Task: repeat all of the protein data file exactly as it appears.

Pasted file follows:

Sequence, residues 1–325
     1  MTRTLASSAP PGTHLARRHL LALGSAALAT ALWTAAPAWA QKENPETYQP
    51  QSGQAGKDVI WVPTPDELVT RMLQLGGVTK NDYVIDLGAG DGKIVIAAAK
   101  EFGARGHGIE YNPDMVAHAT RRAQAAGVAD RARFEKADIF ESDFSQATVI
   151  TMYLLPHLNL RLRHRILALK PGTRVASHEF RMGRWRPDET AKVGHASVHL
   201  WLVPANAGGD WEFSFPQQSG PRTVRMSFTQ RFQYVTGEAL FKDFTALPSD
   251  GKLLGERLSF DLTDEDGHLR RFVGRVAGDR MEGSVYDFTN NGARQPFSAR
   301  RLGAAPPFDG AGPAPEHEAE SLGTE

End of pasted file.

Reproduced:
Sequence, residues 1–325
     1  MTRTLASSAP PGTHLARRHL LALGSAALAT ALWTAAPAWA QKENPETYQP
    51  QSGQAGKDVI WVPTPDELVT RMLQLGGVTK NDYVIDLGAG DGKIVIAAAK
   101  EFGARGHGIE YNPDMVAHAT RRAQAAGVAD RARFEKADIF ESDFSQATVI
   151  TMYLLPHLNL RLRHRILALK PGTRVASHEF RMGRWRPDET AKVGHASVHL
   201  WLVPANAGGD WEFSFPQQSG PRTVRMSFTQ RFQYVTGEAL FKDFTALPSD
   251  GKLLGERLSF DLTDEDGHLR RFVGRVAGDR MEGSVYDFTN NGARQPFSAR
   301  RLGAAPPFDG AGPAPEHEAE SLGTE